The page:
New lung cancer treatment uses innovative dye placement
In recent years, advances in bronchoscopy are enabling doctors to detect lung cancer earlier, reducing the likelihood of mortality by up to 20 percent. Yet, the small cancerous nodules detected during these advanced imaging procedures can still be difficult to find and remove at time of surgery.
Now there is an exciting technique to address this problem and add efficiency between diagnosis and surgery, according to Dr. Hasnain Bawaadam, medical director, pulmonary services and critical care medicine and co-director of interventional pulmonary services at Aurora Medical Center – Kenosha. Dr. Bawaadam recently innovated a method to help surgeons find the smallest nodules by marking them with a fiducial coil prepped with Indocyanine green dye. The fiducial coil is placed at the time of biopsy using the robotic bronchoscopy system. The dye marks the location of the lung nodule making it visible at the time of surgery. The surgeon can target the cancer tissue with greater precision, sparing the healthy lung tissue around it.
What makes this especially ground-breaking is that the fiducial coil may be placed several days prior to surgery. In a recent case at Aurora Kenosha, Dr. Bawaadam placed the coil in a biopsy-proven cancerous lung nodule of a patient preparing for surgery five days later at Aurora St. Luke’s Medical Center in Milwaukee. Since the coil was carrying the dye, the fluorescent and bright-neon green was still visible even after five days. Its bright green luminescence helped the thoracic surgeon know exactly where to resect, minimizing the amount of lung tissue removed and resulting in a better outcome for the patient.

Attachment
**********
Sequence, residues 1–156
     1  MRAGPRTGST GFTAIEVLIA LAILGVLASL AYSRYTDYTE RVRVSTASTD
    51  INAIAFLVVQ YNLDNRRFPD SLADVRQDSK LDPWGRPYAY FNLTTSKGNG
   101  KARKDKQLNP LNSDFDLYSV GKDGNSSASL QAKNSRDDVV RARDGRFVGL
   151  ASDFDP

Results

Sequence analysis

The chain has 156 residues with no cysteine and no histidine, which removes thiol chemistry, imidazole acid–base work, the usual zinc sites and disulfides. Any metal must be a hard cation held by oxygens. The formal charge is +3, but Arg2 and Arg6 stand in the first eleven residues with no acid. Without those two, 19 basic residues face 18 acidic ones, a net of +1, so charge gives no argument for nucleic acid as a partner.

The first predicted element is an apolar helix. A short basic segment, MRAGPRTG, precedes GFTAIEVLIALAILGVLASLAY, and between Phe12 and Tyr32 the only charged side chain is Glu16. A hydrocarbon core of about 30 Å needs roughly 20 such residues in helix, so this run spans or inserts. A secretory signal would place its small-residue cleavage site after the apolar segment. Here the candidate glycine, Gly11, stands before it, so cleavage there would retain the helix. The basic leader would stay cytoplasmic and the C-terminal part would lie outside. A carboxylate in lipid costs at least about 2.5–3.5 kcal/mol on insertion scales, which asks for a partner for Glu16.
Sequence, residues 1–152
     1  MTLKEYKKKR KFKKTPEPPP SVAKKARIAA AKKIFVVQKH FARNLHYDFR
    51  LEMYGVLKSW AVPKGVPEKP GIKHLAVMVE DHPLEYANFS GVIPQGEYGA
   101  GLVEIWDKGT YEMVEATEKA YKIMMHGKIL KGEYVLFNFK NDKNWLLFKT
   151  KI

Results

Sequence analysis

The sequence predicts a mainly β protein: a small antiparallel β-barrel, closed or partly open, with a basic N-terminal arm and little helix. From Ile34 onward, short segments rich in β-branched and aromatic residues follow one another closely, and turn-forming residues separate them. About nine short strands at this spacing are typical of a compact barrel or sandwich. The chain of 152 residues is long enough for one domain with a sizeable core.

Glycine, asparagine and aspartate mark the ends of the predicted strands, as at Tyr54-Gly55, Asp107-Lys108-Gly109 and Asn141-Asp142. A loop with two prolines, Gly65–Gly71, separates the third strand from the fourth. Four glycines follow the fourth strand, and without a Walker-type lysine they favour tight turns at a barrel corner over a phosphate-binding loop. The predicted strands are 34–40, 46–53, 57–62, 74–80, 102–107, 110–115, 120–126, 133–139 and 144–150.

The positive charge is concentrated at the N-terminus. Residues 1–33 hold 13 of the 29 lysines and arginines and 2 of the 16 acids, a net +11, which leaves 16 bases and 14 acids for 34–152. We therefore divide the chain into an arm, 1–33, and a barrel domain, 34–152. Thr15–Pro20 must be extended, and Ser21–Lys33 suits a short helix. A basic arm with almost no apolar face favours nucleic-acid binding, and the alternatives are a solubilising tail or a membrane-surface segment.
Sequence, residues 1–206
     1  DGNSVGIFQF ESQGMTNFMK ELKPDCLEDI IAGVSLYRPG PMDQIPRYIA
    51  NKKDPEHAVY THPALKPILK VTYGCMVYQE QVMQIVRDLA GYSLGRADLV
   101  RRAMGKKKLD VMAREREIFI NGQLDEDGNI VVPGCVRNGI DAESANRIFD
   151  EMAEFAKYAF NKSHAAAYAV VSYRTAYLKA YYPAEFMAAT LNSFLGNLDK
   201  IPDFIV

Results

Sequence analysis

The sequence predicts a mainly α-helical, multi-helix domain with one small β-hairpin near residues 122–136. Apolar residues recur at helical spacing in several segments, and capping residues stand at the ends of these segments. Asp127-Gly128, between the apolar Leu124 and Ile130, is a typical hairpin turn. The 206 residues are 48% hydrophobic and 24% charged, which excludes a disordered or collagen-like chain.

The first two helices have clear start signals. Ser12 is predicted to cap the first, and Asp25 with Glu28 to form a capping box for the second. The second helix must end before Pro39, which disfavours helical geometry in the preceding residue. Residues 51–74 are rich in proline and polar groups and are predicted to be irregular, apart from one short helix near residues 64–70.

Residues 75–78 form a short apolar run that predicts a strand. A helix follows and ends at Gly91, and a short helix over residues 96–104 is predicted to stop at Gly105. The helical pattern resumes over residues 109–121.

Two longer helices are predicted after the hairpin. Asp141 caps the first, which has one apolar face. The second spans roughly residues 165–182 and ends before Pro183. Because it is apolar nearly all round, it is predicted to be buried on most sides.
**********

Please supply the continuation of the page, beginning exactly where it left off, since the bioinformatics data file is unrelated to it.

“The extended time this procedure allows is a game-changer for patients at smaller, rural peripheral hospitals with limited availability of on-site thoracic surgery,” explains Dr. Bawaadam. “These patients may need time to schedule, prepare and travel to larger medical centers for surgery. The fiducial marking means they will arrive at these centers for a surgery that will have appropriate localization and visualization to aid resection.”
Ultimately, that benefits the patient with a more efficient, faster and precise surgical method that preserves healthy tissue. “Our patient is recovering amazingly well after her wedge resection surgery and is grateful for the innovative procedure that helped minimize the impact to her healthy lung tissue,” says Dr. Bawaadam. “We’ll continue to work to perfect this procedure which will improve the trajectory of successful early-stage lung cancer diagnosis and management from here on and help millions around the globe.”
Due to the novelty and success of this case, Dr. Bawaadam has been invited to speak at the Thoracic Oncology Pulmonology (TOP) Conference in July 2022 at New York to present the case. “I’m excited to share this innovation with the broader pulmonary and surgical communities,” he says.
About the Author
Annette Guye-Kordus is a public affairs coordinator with Advocate Aurora Health.